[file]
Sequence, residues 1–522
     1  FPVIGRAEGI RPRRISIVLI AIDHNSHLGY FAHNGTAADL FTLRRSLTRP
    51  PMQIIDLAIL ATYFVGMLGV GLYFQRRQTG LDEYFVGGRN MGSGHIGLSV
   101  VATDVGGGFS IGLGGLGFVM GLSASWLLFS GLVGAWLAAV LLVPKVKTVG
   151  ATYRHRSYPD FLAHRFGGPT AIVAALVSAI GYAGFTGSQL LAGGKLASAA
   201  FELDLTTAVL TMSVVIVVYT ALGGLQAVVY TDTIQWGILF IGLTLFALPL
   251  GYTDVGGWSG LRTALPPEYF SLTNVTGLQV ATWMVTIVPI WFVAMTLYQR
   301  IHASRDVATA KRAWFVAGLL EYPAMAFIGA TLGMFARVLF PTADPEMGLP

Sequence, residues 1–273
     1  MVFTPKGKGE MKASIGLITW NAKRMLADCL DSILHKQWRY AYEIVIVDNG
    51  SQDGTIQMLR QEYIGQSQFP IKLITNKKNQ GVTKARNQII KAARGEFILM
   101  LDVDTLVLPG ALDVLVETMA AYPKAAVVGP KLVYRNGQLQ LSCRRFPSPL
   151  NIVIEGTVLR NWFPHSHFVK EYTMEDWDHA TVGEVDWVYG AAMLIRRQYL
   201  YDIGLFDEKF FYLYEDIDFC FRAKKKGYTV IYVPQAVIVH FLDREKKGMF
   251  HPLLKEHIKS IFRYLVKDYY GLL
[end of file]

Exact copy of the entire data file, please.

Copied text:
Sequence, residues 1–522
     1  FPVIGRAEGI RPRRISIVLI AIDHNSHLGY FAHNGTAADL FTLRRSLTRP
    51  PMQIIDLAIL ATYFVGMLGV GLYFQRRQTG LDEYFVGGRN MGSGHIGLSV
   101  VATDVGGGFS IGLGGLGFVM GLSASWLLFS GLVGAWLAAV LLVPKVKTVG
   151  ATYRHRSYPD FLAHRFGGPT AIVAALVSAI GYAGFTGSQL LAGGKLASAA
   201  FELDLTTAVL TMSVVIVVYT ALGGLQAVVY TDTIQWGILF IGLTLFALPL
   251  GYTDVGGWSG LRTALPPEYF SLTNVTGLQV ATWMVTIVPI WFVAMTLYQR
   301  IHASRDVATA KRAWFVAGLL EYPAMAFIGA TLGMFARVLF PTADPEMGLP

Sequence, residues 1–273
     1  MVFTPKGKGE MKASIGLITW NAKRMLADCL DSILHKQWRY AYEIVIVDNG
    51  SQDGTIQMLR QEYIGQSQFP IKLITNKKNQ GVTKARNQII KAARGEFILM
   101  LDVDTLVLPG ALDVLVETMA AYPKAAVVGP KLVYRNGQLQ LSCRRFPSPL
   151  NIVIEGTVLR NWFPHSHFVK EYTMEDWDHA TVGEVDWVYG AAMLIRRQYL
   201  YDIGLFDEKF FYLYEDIDFC FRAKKKGYTV IYVPQAVIVH FLDREKKGMF
   251  HPLLKEHIKS IFRYLVKDYY GLL